CPS would provide free child care during remote learning under proposal

District officials say they will prioritize children younger than 14, those living in under-resourced communities and families without a permanent home.

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Marcellus Reid, 6, a first grade student at Kozminski Community Academy on the South Side, wears an oversized face mask and listens as his mother, Alberta Reid, speaks during a press conference.

The city is looking to come up with a child care plan as Chicago Public Schools classes remain remote this fall.

Ashlee Rezin Garcia/Sun-Times file photo

Chicago officials are working on a plan to provide free child care for at least the first quarter of the upcoming school year as a return to remote learning is again expected to strain working class families during the pandemic.

Chicago Public Schools officials are surveyingfamilies’ needs as they figure out the details of the plan, which they say will include sites across the city where parents can drop off their children to do their school work during the day. The priority deadline to respond to the survey is Sept. 1.

To start, CPS says it’ll prioritize children younger than 14, those living in under-resourced communities and families without a permanent home.

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Under the potential plan, students would be assigned to spaces with kids of the same age group and an adult who will supervise the children but won’t be an educator who couldhelp with learning.

The number of people in each space would be limited, and children and staff would be required to wear masks, practice social distancing and complete a daily symptom screening. Families would follow a staggered schedule and be assigned a time to pick up and drop off their children.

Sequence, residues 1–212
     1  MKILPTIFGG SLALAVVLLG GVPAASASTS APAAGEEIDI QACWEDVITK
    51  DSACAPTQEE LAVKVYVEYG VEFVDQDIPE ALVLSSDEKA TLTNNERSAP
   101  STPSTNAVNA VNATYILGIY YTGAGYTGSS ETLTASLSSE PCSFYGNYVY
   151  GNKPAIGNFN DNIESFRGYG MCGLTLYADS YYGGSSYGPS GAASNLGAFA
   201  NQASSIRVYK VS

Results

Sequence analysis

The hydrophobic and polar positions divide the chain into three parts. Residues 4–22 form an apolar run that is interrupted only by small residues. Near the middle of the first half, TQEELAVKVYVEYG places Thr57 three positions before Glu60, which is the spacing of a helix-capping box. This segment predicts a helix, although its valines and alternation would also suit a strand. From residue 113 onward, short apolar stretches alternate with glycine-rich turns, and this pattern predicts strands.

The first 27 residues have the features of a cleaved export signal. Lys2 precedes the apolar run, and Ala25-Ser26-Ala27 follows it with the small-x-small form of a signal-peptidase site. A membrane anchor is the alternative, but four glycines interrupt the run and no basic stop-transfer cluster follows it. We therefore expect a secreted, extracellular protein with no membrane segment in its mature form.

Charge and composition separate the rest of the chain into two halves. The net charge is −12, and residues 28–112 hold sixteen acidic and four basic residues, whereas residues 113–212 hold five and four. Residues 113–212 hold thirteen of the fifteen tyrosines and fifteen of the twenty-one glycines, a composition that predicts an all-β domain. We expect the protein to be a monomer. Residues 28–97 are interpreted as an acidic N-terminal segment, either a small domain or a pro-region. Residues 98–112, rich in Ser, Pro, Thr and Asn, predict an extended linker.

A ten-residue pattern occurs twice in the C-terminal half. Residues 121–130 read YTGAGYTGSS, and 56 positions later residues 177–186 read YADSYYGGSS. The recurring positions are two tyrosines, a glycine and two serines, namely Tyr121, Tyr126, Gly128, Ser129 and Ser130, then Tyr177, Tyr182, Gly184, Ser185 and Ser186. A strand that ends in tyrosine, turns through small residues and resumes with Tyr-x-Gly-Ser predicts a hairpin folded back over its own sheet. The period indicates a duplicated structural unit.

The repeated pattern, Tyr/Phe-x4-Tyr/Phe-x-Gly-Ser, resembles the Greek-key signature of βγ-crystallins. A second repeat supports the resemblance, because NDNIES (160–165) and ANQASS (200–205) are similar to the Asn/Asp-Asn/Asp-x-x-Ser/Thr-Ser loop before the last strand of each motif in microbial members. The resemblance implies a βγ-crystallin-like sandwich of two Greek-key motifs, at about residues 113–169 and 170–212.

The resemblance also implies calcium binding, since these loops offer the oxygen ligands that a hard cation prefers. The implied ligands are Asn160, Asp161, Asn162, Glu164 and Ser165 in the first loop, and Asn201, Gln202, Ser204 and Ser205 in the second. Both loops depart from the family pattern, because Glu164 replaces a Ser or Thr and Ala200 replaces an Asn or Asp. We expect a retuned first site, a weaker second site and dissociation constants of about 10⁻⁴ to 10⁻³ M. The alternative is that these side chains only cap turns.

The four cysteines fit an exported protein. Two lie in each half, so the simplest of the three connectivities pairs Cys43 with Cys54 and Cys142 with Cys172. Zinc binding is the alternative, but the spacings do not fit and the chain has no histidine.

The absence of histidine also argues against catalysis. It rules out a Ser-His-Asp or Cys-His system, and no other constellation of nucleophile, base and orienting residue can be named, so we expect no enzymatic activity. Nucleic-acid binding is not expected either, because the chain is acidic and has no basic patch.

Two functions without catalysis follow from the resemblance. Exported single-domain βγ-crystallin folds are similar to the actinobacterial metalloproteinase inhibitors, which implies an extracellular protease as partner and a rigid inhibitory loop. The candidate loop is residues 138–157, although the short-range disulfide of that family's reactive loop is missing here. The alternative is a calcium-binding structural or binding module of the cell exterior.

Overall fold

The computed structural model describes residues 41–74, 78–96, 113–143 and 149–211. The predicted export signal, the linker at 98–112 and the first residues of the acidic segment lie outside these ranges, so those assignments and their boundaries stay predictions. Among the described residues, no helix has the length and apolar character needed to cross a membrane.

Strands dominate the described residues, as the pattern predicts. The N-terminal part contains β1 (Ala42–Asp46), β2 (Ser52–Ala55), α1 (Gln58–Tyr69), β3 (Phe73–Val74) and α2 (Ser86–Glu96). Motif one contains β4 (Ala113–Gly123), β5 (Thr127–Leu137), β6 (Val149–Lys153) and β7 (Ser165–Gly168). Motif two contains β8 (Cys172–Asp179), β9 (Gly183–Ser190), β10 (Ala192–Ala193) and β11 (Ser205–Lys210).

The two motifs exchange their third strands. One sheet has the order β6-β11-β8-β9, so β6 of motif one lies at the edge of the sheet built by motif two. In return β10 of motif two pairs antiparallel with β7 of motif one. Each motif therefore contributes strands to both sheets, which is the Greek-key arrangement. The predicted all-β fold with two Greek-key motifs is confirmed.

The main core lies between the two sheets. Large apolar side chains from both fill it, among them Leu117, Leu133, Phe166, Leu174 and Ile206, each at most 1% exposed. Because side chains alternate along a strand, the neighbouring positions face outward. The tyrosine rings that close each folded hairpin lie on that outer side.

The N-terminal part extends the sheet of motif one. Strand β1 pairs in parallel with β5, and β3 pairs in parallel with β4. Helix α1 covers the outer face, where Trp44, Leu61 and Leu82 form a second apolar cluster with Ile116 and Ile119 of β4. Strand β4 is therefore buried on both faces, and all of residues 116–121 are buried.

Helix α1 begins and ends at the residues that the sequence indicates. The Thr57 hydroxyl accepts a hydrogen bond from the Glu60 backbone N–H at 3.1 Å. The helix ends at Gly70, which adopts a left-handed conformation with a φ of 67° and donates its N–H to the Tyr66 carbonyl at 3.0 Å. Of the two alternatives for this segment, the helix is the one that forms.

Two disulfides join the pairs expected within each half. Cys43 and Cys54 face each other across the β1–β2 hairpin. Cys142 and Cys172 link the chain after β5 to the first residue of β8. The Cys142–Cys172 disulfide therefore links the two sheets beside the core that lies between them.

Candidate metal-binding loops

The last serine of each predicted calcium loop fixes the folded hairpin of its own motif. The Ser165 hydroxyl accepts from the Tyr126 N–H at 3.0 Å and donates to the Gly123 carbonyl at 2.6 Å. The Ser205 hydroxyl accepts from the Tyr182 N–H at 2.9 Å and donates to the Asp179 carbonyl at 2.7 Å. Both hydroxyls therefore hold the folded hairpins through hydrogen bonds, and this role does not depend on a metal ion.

Breakfast and lunch would be provided every day, as would high-speed internet. Computers won’t be distributed at the learning sites.

Mayor Lori Lightfoot and CPS CEO Janice Jackson have long said one of their biggest concerns with remote learning is that it leaves families with little options for child care. Many CPS parents continue to work in-person jobs to support their families and can’t afford to stay home with their children while they complete schoolwork.

As far back as mid-July, when the city announced its initial plans for most students to learn in school two days every week, Lightfoot said the city was looking into options for child care similar to a plan announced by New York City Mayor Bill de Blasio that would provide free services for parents of 100,000 students in that city.

It’s unclear which adults would staff the learning sites in Chicago and if the locations would be at schools or Chicago Park District sites. A CPS spokeswoman didn’t immediately respond to questions.

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